Mind the Gap: Fair Page Rates and Pay Parity in Comics

With economic inequality such a vital, prominent topic for individuals and families these days, it makes sense that talk of community building with your peers for the sake of support and further bargaining power cycles throughout the comic book industry.

However, the discussion is actually nothing new for professionals. From Neil Adams and the Comic Book Creators Guild in the 1970s to Scott Shaw’s criticism of Boom!’s practices in 2013, the topic of creator compensation and how it relates to living wages has been an ongoing concern. Fair Page Rates, an anonymously-run online survey hoping to collect information on the page rates earned by working comic book professionals, is the newest voice raising concern over whether or not current contracts provide enough to ensure creators make enough money to support themselves and, when applicable, their families. The proprietor of the site spoke with Dork Shelf about the process of gathering, interpreting, and presenting more detailed data on the subject.

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Dork Shelf: I’d like to start off by giving you an opportunity to address why you choose to be anonymous.

Fair Page Rates: While the most obvious answer would be to prevent professional repercussions, it’s actually to make sure that the question of fair page rates isn’t connected to any particular artist, and the problems that need fixing don’t get distracted by the question of egos or motives.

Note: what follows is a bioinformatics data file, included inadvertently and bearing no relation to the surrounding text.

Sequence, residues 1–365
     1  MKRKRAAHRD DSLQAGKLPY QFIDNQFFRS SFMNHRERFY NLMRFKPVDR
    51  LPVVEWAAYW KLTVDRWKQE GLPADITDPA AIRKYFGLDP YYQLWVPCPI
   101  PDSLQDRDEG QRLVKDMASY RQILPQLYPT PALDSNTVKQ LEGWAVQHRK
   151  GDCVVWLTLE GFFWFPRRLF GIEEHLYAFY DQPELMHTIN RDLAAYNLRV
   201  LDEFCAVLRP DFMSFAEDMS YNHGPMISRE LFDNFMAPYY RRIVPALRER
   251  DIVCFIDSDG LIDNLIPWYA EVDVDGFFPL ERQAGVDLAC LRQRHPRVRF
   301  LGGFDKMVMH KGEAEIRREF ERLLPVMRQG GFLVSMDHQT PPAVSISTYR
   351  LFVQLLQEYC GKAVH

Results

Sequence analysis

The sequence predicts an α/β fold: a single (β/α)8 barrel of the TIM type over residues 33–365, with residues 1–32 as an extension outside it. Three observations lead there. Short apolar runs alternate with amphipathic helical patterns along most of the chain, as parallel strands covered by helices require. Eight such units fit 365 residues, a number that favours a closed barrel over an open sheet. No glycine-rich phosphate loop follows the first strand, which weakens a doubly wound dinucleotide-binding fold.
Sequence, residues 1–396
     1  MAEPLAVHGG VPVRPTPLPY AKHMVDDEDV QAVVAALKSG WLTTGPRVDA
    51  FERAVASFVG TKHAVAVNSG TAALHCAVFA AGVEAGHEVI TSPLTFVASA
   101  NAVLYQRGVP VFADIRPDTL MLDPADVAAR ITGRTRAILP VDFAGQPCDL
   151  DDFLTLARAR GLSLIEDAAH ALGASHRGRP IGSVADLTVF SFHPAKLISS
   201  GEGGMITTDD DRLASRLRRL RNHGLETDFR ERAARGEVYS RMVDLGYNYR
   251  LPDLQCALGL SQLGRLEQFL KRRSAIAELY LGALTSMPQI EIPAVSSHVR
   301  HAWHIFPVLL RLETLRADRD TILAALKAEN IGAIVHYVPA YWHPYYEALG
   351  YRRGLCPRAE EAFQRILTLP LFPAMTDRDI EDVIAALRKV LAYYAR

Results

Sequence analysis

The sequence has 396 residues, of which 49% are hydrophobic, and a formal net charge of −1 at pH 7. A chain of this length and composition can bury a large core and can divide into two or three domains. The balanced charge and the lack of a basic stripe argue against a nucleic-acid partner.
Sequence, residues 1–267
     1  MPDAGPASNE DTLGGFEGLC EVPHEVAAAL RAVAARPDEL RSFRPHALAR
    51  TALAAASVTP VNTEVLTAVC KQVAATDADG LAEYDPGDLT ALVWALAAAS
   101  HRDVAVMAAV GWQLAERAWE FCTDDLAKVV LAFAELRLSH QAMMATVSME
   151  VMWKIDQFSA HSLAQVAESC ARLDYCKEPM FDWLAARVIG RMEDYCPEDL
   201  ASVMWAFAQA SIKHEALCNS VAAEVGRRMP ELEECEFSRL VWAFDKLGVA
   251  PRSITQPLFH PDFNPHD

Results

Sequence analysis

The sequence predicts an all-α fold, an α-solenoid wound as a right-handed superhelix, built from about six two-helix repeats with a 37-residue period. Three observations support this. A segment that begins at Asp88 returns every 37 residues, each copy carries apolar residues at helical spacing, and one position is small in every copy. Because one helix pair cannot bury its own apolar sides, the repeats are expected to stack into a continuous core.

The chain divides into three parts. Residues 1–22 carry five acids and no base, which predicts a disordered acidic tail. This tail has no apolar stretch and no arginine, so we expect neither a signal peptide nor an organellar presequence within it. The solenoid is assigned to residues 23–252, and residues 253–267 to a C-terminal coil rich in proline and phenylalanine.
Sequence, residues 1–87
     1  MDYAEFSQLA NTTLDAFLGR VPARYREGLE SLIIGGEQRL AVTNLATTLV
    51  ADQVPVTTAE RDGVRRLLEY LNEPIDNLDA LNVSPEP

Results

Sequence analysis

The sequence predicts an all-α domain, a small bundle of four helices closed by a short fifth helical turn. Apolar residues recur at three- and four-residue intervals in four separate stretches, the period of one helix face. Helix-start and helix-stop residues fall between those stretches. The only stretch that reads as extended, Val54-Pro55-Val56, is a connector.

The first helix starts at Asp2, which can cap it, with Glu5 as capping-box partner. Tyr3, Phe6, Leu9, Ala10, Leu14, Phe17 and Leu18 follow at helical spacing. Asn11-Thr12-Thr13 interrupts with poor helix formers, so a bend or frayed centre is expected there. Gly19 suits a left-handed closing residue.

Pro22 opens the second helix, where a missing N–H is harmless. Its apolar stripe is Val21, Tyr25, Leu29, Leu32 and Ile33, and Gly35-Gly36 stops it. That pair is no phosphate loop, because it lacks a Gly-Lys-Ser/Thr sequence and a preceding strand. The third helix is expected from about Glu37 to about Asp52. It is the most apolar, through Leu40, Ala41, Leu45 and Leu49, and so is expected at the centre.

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Whether you like an artist or not, whether you think they are a good person or a bad person, are all immaterial to the fact that the creators in this industry have to start working together towards equalizing the relationship between themselves and publishers.

This isn’t to disregard the possibility of threats to our livelihood, as the people who help run this site are all professionals working in the industry. Although I believe this would make a better industry for everyone, publishers included, I don’t believe many publishers or employers in any field would welcome this level of inspection on their business deals.

Many publishers may believe they are truly allies with the creators they employ, but it is still an employer/employee relationship and, as any business relationship can be, there is an antagonistic power dynamic that can’t be denied. To keep all parties honest, anonymity protects relationships and allows the hard conversations to be had.

DS: It’s no secret that it’s extremely difficult to make a living as an artist, especially one who works primarily in the comic book industry. That being said, why do you feel that now is the right time to approach this conversation?

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FPR: Its always the right time to have this conversation, and we’ve been having this conversation for too long. Creators have been exploited in comics since the very beginning of [the industry], and I think with the constant overwhelming analysis of what is wrong with comics, its high time to stop talking and start seeking solutions.

The comics field is ALL about collaboration, there’s nothing stopping us from collaborating towards an end that improves conditions for us all. In fact, it’s a failure of our imagination and our expectations that we haven’t done this already. Thinkpieces and essays about the problematic people and conditions in this industry are necessary, but only if they lead us to seeking real solutions to these problems.

DS: Once you have the number of responses you are after, what do you plan to do with the information you have gathered?

FPR: Presenting the data clearly and without bias over the years, so that creators have a resource for publishers in real time. We are not anti-publisher, or seek to humiliate or shame any groups or individuals, but creators have to be able to exert pressure on their employers to be treated more equitably. Having an annual resource of what publishers are actually paying means publishers would have to respond. That doesn’t mean that publishers can magically pay their creators more, but hopefully it can lead to conversations where they can negotiate a different arrangement that works for all parties.